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World Music CD Reviews Reggae & Caribbean

GREGORY ISAACS

By TOM PRYOR
Published January 25, 2006

20th Century Masters: The Best Of Gregory Isaacs, The Millennium Collection
Hip-O/ Island/Universal

PETER TOSH
20th Century Masters: The Best Of Peter Tosh, The Millennium Collection

Hip-O/ JAD/Universal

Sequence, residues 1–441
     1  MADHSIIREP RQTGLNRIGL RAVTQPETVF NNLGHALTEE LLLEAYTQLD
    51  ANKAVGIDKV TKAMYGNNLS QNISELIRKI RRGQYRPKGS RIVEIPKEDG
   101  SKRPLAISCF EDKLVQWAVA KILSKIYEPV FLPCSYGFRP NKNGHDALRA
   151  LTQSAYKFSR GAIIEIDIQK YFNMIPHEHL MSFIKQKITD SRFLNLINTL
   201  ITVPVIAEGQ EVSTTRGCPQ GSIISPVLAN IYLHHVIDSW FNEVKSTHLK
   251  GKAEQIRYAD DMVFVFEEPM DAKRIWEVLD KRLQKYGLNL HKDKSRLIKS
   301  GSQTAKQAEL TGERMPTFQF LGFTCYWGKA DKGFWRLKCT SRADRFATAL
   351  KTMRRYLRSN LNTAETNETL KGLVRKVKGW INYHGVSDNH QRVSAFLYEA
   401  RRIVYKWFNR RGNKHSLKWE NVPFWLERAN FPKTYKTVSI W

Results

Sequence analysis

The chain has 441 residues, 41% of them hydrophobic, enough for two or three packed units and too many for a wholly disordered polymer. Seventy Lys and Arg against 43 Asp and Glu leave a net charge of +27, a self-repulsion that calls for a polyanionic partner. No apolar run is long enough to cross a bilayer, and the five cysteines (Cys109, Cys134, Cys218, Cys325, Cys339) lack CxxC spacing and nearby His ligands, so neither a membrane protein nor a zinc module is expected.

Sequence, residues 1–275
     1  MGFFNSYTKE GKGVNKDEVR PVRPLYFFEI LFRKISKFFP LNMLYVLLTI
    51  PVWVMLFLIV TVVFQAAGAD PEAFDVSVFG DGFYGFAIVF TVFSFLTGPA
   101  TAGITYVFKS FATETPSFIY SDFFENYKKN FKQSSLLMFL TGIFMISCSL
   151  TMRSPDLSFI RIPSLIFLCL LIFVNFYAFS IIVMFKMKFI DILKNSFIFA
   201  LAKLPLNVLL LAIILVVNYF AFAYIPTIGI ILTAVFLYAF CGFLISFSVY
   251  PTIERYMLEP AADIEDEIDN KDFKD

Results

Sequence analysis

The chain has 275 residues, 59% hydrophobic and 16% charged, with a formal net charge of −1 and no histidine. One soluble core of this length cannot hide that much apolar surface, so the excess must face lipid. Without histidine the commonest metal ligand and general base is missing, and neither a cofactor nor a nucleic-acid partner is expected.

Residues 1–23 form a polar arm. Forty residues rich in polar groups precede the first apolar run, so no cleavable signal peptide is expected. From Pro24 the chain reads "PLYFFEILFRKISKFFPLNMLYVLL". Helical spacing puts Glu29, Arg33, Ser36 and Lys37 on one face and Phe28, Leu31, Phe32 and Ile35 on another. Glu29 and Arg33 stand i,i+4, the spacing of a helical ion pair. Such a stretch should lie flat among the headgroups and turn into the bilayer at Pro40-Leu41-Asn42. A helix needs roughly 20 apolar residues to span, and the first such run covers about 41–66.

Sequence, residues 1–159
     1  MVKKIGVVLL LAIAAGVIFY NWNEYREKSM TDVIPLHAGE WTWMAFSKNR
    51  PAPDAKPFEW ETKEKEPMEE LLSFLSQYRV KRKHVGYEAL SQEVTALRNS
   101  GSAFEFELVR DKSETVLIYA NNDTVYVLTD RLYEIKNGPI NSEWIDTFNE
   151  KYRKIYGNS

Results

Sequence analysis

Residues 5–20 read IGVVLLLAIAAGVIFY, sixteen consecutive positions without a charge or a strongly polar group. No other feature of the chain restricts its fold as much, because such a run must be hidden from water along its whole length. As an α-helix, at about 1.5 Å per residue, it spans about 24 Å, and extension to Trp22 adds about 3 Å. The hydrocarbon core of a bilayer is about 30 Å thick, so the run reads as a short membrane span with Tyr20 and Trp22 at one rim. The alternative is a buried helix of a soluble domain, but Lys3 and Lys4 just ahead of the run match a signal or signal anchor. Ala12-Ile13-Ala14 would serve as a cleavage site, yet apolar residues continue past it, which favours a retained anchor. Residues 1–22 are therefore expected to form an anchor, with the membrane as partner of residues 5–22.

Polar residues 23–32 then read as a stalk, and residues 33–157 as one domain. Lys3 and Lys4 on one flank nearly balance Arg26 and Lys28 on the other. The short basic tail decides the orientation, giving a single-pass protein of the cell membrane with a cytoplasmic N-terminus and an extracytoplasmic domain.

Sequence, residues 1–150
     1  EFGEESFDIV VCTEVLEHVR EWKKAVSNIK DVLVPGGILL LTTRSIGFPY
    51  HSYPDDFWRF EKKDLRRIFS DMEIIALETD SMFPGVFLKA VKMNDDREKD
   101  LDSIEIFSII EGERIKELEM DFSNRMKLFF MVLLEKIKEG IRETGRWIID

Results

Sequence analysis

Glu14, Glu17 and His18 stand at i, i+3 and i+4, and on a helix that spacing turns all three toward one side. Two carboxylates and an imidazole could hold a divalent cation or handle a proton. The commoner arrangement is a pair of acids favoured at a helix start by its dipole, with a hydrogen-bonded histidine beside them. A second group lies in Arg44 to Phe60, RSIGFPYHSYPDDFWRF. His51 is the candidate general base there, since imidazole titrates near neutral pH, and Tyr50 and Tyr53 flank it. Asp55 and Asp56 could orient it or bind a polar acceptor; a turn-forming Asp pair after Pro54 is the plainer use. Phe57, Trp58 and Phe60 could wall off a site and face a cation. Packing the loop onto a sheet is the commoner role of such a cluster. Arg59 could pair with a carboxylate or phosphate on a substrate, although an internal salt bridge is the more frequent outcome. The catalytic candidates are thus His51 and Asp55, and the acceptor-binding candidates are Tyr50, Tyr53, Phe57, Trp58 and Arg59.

These new two reggae compilations are part of a Universal imprint Hip-O’s ongoing 20th Century Masters series Other collections in this latest batch focus on the work of Lee Perry, Steel Pulse, Jimmy Cliff and Bob Marley and the Wailers (in their pre-Island Records days). But the most interesting volumes here shine a light on two of reggae’s most underappreciated superstars: Peter Tosh and Gregory Isaacs. Since his murder in 1987, Tosh’s once-bright star seems to have dimmed in the reggae firmament, a real tragedy considering how crucial Tosh’s contributions were to putting the steel in the spine of early reggae. This collection eschews his marquee work for lesser-known gems and singles. Casual fans looking for “Legalize It” and “Equal Rights” may be pleased to discover the same political resolve in scorchers like “Black Dignity” and “Arise Blackman.” But the real treat here is Tosh’s remarkable, yet often-overlooked take on George Harrison’s “Here Comes the Sun.” Unfortunately, crooner Gregory Isaacs doesn’t fare nearly so well here. Instead of mining the cool ruler’s prodigious 1970s catalog for any number of lost roots classics, the producers go for big, crowd-pleasing ’80s dancefloor hits like “Night Nurse,” “Stranger In Town” and “Hot Stepper.” To be fair, reggae comps are often held hostage by byzantine licensing agreements; but one can’t help but wish that artist of Isaacs’ caliber and achievement had been better served.